Guru Gobind Singh Jayanti is observed all around the world today (January 13) by the Sikh community as the birthday of their tenth and last spiritual guru Guru Gobind Singh (1666-1708 C.E.). The saint was the founder of the Khalsa warrior community and is popularly known as the Warrior Saint. He is also fondly remembered as a poet and philosopher.
This day witnesses large processions and special prayer gatherings at Gurudwaras across the country. On this occasion of 352nd birth anniversary of Guru Gobind Singh, we bring to you some interesting facts about him.
- Guru Gobind Singh Ji was born on December 22, 1666, as Gobind Rai in Patna, Bihar in the Sodhi Khatri family.
- His birthday usually falls in December or January or also twice a year. This is because his birthday is calculated according to Hindu Bikrami calendar that is based on the lunar calendar.
- He was the only son of Guru Tegh Bahadur, the ninth Sikh guru, and Mata Gujri.
- Gobind Singh Ji’s father was publicly beheaded in Delhi on November 11, 1675 under the instructions of the then Mughal ruler Aurangzeb for refusing to convert to Islam.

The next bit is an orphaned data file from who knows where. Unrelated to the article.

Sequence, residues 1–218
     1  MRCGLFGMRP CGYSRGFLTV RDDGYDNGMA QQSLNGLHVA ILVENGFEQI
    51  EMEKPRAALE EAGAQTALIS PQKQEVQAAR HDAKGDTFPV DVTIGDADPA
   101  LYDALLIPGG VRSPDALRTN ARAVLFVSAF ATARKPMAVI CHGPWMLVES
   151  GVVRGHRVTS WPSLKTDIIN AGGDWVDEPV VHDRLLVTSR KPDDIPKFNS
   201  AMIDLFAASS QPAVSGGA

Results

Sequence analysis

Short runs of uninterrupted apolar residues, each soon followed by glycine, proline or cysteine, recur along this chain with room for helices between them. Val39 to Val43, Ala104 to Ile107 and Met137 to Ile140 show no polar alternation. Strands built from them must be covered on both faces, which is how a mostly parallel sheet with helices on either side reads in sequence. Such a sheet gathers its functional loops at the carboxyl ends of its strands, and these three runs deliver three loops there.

- After his father’s martyrdom, Guru Gobind Singh Ji became the 10th Sikh Guru on March 29, 1676 at the age of nine.
- Guru Gobind Singh Ji’s education continued even after he became the guru, that included reading, writing, martial arts, horse riding and archery.
- Guru Gobind Singh Ji had three wives. When he was 10, he married Mata Jito on June 21, 1677; at the age of 17, he married Mata Sundari on April 4, 1684 and at age 33 he married Mata Sahib Devan on April 15, 1700.
- Unfortunately his four sons died during his lifetime – two in battle, and two were executed by the Mughal army.
- Guru Gobind Singh gained great stature as both saint and soldier. He was also an intellectual and wrote many powerful spiritual compositions that infused a martial spirit in the people.
- He founded the Sikh warrior community called Khalsa in 1699. He created and initiated the Khalsa as a warrior with a duty to protect the innocent from any form of religious persecution.
- Guru Gobind Singh Ji initiated the Five K’s tradition of the Khalsa. This includes Kesh: uncut hair, Kangha: a wooden comb, Kara: an iron or steel bracelet worn on the wrist, Kirpan: a sword or dagger, Kacchera: short breeches.
- He enshrined the scripture Guru Granth Sahib as Sikhism’s eternal Guru. He instructed the Sikhs to regard the Guru Granth Sahib as their teacher. Since then, the Guru Granth Sahib is regarded as the perpetual guru of the Sikhs.